Japan is Struggling to Meet Its Ninja Quota

Japan’s tourism industry is absolutely booming, more people than ever are flocking to the country to experience its food, culture and oddly blurred genitalia. However, some are concerned that the sudden demand for ninjas has gotten so high that there simply aren’t enough to entertain the influx of people visiting the country.

Japan’s evolving tourism industry has led to the creation of dozens of ninja-themed attractions, theme parks and restaurants across the country. Which unfortunately means that many of these ninja-themed attractions are struggling to attract ninjas with even the most basic skill set.

Those skills apparently come from a pretty bad-ass list which was compiled as early as the 11th century and ranges from stealth, using explosives and mastering the art of using the weather as a weapon.

“With the number of foreign tourists visiting Japan on the increase, the value of ninja as tourism content has increased”, Takatsugu Aoki, manager of the ninja squad for Nagoya-based advertising agency Sankosha Co., told the Asahi newspaper. “I feel there is a ninja shortage,” he said.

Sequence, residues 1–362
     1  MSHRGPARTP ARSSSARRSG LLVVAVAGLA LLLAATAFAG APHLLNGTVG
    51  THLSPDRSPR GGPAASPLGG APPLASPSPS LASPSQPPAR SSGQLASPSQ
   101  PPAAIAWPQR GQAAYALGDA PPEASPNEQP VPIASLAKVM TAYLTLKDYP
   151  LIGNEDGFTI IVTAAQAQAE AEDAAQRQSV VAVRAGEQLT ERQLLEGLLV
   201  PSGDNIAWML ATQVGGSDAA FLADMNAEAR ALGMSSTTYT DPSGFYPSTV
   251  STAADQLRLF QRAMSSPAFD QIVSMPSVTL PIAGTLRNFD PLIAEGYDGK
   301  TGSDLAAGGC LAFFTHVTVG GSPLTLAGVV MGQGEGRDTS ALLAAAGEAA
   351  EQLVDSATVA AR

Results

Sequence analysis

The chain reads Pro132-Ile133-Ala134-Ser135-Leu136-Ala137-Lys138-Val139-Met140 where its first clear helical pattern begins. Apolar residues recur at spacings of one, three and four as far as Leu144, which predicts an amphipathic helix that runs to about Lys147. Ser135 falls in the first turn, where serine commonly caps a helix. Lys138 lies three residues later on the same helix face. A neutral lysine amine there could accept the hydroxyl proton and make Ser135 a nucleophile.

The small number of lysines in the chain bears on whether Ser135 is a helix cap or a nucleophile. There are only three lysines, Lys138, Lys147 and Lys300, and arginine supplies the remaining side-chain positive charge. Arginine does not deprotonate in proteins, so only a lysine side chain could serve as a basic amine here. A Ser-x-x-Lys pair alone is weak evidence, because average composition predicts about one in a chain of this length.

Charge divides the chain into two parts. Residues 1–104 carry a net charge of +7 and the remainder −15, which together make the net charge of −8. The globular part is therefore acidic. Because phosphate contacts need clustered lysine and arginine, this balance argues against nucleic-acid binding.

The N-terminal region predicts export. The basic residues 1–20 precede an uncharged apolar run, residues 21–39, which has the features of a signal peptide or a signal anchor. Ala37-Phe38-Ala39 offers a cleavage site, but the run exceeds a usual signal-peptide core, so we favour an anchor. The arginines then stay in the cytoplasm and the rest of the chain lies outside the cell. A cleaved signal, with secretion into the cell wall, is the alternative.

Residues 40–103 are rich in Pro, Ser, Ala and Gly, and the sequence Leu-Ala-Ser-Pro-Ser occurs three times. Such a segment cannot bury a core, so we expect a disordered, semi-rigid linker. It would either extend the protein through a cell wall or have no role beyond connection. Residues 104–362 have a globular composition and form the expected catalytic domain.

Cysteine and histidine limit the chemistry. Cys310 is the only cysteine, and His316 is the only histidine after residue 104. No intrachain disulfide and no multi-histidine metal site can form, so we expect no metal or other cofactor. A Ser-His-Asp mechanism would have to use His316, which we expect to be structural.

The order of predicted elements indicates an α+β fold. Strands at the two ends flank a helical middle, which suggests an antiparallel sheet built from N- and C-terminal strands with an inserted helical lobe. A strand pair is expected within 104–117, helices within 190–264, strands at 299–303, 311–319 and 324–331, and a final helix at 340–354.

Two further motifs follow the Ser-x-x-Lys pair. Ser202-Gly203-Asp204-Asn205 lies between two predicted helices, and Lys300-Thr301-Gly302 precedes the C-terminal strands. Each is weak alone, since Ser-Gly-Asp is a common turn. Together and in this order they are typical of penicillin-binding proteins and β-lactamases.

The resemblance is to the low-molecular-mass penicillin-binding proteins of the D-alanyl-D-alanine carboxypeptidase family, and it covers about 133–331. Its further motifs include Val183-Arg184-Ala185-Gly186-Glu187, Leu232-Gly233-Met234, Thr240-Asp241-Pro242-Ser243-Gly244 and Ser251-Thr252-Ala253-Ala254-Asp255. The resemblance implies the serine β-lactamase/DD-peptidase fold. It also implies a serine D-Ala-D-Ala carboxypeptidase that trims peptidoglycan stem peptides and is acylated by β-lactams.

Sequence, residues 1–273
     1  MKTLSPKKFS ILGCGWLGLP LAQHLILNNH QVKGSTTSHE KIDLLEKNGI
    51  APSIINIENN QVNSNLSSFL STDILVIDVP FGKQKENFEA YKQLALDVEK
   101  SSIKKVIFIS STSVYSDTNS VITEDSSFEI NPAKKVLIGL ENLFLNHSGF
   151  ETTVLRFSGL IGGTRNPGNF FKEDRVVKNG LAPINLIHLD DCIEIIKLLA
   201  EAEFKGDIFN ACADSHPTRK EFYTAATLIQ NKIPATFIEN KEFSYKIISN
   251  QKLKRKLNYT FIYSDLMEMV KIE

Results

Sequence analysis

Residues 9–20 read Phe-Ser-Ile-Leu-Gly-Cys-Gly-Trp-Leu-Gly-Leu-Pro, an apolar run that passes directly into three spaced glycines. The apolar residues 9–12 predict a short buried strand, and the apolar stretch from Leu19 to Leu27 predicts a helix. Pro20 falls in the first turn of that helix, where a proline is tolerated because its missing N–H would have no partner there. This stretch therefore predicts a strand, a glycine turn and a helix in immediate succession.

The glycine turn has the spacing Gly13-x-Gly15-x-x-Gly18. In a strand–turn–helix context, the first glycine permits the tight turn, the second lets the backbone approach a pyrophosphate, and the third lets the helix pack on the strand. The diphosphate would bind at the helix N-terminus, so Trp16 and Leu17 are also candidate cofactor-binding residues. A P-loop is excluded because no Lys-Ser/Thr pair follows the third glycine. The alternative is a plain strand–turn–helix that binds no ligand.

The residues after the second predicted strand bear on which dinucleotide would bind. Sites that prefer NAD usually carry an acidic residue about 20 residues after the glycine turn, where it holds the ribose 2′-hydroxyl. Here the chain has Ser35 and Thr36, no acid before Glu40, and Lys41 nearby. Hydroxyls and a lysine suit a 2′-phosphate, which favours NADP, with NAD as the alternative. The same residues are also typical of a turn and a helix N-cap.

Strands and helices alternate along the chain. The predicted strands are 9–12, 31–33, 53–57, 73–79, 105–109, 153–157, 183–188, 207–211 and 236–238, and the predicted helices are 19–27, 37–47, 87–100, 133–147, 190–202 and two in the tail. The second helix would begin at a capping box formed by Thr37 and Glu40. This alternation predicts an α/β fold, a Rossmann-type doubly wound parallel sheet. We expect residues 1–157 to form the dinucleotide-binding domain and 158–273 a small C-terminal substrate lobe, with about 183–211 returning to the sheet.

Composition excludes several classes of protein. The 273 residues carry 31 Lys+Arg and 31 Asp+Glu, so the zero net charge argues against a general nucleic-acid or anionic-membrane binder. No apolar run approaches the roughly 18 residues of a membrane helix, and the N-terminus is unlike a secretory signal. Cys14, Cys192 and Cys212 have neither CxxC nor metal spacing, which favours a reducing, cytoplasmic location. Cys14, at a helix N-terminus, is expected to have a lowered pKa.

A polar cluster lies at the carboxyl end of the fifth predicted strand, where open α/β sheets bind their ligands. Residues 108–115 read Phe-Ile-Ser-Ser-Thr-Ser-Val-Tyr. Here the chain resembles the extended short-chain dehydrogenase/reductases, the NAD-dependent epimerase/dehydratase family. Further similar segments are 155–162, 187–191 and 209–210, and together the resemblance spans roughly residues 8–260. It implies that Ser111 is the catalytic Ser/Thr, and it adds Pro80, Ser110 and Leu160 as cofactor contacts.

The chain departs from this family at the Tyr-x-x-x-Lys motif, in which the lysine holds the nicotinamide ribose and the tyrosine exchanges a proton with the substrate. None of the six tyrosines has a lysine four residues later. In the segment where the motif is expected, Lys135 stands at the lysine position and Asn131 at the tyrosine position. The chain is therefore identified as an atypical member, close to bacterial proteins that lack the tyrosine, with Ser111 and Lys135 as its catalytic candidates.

The decline of the ninja in 2017 is a very different story to last year when more than 230 people from all over the world answered an advert to join the Tokugawa Ieyasu and Hattori Hanzo Ninja Squad for a one-year contract.

However, this year, the squad only received 22 applications, despite the application period being extended and the Japanese language requirement being dropped.

Perhaps people are being dissuaded by the consensus that ninjas are super-human demi-gods that can run on walls and use the weather to kill a man. Obviously, that’s not the case so if you’re keen to follow your life-long dream of dressing in all black at a tourist attraction, give it a whirl.

Source and image: Vice

Categories: Breaking (news)
Ethan Gould: